It is now official, humankind has put its toe into interstellar space as Voyager 1 crossed into the heliopause nearly a year ago. This milestone has been hotly debated in the scientific literature as heavyweight teams presented evidence pro and con. It was only in the last few weeks, however, all parties have agreed on what the data from the probe mean. And they agree that it is now past the interface between the solar wind and the great beyond.
Dr. Gary Flandro, then of the Jet Propulsion Lab in Pasadena and now of the University of Tennessee, discovered in the late 1960s that a special alignment of the outer planets would make possible a Grand Tour of our solar system. The two Voyager spacecraft were built on a now inconceivable three year schedule and launched in 1977 to take a look at Jupiter and Saturn. From there, they have just kept going.
Equally incredible is that debates on the state of Voyager are fueled by real data from a 35 year old probe with aging and failing instruments now 11.7 billion miles (~19 billion kilometers) from the Earth. This is 125 times the already large distance between the Earth and the Sun. Size, weight, and electrical power are always at a premium on spacecraft and there is never enough to go around. So, engineers expend enormous care in making sure that everything that does get on board counts. Voyager’s radio transmitter put out about 25 Watts of energy when new. If this energy were spread in all directions, it would not permit communication over such vast distances.
Fortunately, Voyager is equipped with a high gain antenna that collects and focusses this energy into a relatively narrow beam. The antenna’s gain of ~45 dB (decibels) means that the transmitter’s impact is multiplied by about 32,000. The focussed beam is equivalent to a 790 kilo Watt unit radiating in all directions. Some of this energy travels 19 billion kilometers and reaches Earth where a 70-meter diameter antenna (more below) picks it up.
We can now estimate how much power, P, a perfect 70-m antenna collects from Voyager under ideal conditions:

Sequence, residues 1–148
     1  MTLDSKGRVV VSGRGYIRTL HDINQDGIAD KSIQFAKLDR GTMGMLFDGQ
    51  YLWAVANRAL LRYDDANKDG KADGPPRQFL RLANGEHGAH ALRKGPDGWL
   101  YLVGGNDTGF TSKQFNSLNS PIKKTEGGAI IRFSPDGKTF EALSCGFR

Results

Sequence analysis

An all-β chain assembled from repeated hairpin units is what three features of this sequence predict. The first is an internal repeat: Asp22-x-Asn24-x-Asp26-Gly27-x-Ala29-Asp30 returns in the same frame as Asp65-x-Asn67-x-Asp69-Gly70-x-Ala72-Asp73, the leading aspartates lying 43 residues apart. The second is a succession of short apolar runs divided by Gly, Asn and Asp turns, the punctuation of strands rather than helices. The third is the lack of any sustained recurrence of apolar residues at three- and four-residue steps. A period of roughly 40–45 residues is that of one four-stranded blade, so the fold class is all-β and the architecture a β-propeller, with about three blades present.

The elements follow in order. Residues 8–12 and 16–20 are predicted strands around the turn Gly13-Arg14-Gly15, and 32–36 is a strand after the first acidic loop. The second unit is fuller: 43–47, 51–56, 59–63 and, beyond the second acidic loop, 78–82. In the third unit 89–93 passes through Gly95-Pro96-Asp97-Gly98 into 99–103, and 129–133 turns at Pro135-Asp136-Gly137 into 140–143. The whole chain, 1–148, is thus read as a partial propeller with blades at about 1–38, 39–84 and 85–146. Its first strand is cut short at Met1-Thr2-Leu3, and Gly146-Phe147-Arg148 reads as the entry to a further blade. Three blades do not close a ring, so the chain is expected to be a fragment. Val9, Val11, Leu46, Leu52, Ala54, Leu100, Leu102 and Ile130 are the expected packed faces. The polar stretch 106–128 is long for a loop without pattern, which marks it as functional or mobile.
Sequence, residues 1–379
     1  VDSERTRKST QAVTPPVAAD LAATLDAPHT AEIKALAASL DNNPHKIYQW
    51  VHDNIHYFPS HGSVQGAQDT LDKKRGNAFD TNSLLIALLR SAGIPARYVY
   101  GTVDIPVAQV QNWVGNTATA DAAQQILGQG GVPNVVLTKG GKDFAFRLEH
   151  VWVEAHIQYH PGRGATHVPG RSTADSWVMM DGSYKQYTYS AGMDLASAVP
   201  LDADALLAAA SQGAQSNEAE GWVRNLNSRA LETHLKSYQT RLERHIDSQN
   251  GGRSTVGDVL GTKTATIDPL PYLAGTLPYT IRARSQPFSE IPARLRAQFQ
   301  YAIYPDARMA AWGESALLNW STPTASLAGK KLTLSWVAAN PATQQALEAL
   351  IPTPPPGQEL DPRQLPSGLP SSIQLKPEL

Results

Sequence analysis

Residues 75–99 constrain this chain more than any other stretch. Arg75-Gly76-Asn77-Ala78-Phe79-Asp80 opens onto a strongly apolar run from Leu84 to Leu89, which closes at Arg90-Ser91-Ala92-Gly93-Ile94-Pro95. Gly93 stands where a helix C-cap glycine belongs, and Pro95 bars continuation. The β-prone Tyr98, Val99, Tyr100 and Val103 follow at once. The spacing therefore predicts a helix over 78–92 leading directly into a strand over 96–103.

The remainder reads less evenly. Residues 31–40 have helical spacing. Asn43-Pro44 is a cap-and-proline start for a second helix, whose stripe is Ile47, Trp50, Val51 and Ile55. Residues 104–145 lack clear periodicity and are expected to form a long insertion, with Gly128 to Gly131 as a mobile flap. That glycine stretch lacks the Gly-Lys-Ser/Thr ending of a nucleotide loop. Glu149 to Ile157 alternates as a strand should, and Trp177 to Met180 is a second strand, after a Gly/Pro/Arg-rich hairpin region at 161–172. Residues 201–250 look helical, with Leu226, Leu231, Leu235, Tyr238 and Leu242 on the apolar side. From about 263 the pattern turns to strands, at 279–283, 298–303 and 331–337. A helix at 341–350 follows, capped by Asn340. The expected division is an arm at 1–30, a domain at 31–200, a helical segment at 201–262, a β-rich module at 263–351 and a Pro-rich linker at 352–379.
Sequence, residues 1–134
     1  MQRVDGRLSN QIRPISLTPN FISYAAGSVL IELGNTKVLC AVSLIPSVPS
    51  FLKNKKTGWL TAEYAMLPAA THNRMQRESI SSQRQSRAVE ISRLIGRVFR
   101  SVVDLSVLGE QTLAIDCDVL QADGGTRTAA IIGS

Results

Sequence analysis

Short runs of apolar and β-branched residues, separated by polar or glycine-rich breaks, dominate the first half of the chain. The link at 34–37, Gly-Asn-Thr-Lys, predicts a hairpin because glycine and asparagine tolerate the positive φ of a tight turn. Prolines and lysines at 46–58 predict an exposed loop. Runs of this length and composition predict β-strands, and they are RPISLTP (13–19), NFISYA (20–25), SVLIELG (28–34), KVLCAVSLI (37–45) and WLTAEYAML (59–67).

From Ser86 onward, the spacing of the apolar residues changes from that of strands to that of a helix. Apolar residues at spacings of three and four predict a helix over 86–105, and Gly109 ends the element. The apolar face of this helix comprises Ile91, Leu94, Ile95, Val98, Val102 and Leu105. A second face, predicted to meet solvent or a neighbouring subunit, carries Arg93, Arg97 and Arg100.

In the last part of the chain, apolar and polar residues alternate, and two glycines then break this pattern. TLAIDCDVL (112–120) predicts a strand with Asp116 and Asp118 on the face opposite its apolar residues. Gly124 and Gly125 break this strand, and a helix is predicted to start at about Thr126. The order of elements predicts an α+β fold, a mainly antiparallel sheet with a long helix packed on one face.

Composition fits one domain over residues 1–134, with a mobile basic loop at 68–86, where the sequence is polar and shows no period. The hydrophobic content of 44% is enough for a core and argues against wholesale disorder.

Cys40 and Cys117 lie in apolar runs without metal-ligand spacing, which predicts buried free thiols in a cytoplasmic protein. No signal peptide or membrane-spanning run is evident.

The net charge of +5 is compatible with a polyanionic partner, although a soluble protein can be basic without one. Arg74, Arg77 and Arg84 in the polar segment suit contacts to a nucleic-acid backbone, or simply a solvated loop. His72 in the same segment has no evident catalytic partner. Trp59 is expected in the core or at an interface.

This kind of calculation with approximations, assumptions, and rough values is routine in technical fields to get a feel for numbers, to develop intuition, and for sanity checks. It is higher in the food chain than a scientific wild-ass guess. This particular crude one is in-line with a far more sophisticated calculation by Dr. Mike Willis. The answer, 10-18W, is a decimal point followed by 17 zeros and then a 1. It is a millionth of a millionth of a millionth of a Watt or one attowatt. Detecting such a signal in the presence of ubiquitous noise borders on miraculous.
The miracle is performed by the Deep Space Network, a collection of sophisticated antennas near Madrid, Canberra, and in our Mojave Desert. These antennas work individually when one is facing Voyager’s direction. They also work together in a method called arraying to simulate the effect of an antenna nearly the size of the Earth. JPL manages DSN for NASA and the methods make for fascinating reading.
Let’s look at one small piece of the puzzle – taking a signal that’s a millionth of a millionth of a millionth of a Watt and boosting it to a level that can be used. For decades, the right tool has been the maser, the much lesser-known predecessor of the laser. Once the antenna scoops up and refocusses the radio frequency energy from Voyager (or another distant probe such as Cassini around Saturn), it is presented through a system of waveguides (think rectangular metal pipes) to a crystal of ruby held at a couple of degrees above absolute zero, in a modest magnetic field, and bathed in microwave radiation. The crystal thus prepared takes in the attowatt of power from the antenna and faithfully boosts it by a factor ten thousand to one hundred thousand without adding too much noise. The resulting signal can then be handled by other circuitry using more well-known semiconductor devices. A ruby maser amplifier figured prominently in the discovery of the cosmic background radiation that established our present understanding of the origin of our Universe. A ruby crystal was also central to the first demonstration of laser action.